Last month, the DfE announced that it was going to ban placing vulnerable children under the age of 16 in unregulated accommodation. Following months of consultation – a process which we wholeheartedly participated in – the ban will come into force in September.
As part of a series of reforms to drive up standards in children’s social care, children in care under 16 will no longer be allowed to be accommodated in unregulated independent or semi-independent placements, helping to ensure the most vulnerable are cared for in settings that best meet their needs.
There are many reasons why professionalising the sector will bring a multitude of positive outcomes for social care. Whether that’s by ensuring the highest quality provision for each and every child and young person, or by encouraging a value-based proposition within all settings. Many of the headlines that have been dominating the news in recent months have unsurprisingly shone a light on those that are getting it wrong – for example, the seven out of 80,000 providers that are delivering insufficient provision from a barge. Within any sector, within any organisation, there is going to be a certain amount of bad practice. However, it’s only by focusing on those providers that are already working tirelessly to achieve the DfE’s aims that we can ever gain the momentum needed to achieve tangible change in the sector.
There is no doubt that the introduction of a ban is long overdue. The benefits to everyone are significant – not least in ensuring that children do not fall through the net and are not placed with poor-quality providers.
Yet with any change, there are challenges and the task ahead is no exception. Despite a pledge by the Education Secretary, Gavin Williamson, to support local authorities in creating more places in children’s homes, backed by additional investment, building on the £24 million announced at the Spending Review, there’s no doubt that local authorities face considerable pressures ahead. The difficulty of finding suitable placements for young people on either a planned or non-planned basis is nothing new. The problem is this reform will undoubtedly remove a large number of placements from the market. Whilst it’s right that poor quality providers need to be stopped from operating, local authorities will find it all the more difficult to meet their sufficiency duties.
It’s reassuring to hear that the Government will be moving forward with plans for legislating at the earliest opportunity to give Ofsted new powers to take enforcement action against illegal unregistered providers, who should be registered as children’s homes but are operating without the correct registration in place. In our view, Ofsted has a vital role to play in managing a quality assurance framework – something that 70% of consultation respondents called for. Local authorities simply don’t have the sufficient expertise or bandwidth to operate this successfully – they are not regulators. Ofsted has a strong track record and should be given the opportunity to fulfil this function successfully. However, the industry must be part of that process. We need transparency and consultation on what that framework will look like, to enable us to properly explore the part that providers have to play in delivering value-driven principles in a regulated environment – the need for quality standards in unregulated provision is very clear.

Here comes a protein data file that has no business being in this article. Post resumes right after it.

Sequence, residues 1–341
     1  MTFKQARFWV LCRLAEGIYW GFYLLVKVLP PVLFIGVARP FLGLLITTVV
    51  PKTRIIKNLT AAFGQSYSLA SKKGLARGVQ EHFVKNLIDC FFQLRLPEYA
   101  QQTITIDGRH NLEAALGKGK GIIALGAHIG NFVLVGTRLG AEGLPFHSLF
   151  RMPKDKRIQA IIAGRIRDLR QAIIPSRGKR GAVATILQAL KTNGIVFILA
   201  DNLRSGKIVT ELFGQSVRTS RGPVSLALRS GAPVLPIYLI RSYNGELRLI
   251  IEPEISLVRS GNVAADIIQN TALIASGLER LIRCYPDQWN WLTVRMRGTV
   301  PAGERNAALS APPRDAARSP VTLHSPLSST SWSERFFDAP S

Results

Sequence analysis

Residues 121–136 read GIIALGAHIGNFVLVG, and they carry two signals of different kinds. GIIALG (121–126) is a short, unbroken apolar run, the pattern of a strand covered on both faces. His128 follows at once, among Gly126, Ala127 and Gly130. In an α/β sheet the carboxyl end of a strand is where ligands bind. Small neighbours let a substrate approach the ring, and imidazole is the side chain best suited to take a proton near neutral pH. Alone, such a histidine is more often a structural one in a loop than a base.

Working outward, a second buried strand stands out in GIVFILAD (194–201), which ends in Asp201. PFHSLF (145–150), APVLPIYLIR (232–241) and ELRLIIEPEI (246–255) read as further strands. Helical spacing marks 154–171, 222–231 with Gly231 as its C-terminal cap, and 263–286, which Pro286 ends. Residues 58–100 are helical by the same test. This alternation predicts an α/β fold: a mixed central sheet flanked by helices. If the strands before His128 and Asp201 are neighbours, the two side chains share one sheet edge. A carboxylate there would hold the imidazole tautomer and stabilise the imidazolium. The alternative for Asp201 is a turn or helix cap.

We hang our hat on value-driven principles – it’s what drives each and every business within the Tristone community. Whether that’s focusing on greater quality outcomes, upskilling staff, providing excellent accommodation, or taking a robust and unique approach to safeguarding, we believe a value-based approach is central to social care. We run all of our businesses as if they were regulated. At the end of the day, it all boils down to what is in the best interest of children. It’s essential to understand the voice of young people under our care. Providers need to have a thorough understanding of the outcomes they’re trying to achieve – whether that’s making young people job-ready, or feeling more empowered – and ensuring those services are meeting the needs of individuals and properly supporting their transition into adulthood. If we’re not enhancing their lives, if they’re not engaged in training, or education, or employment, then the services are not having the desired effect. Whatever measure, whatever reform, children and young people must be placed front and centre.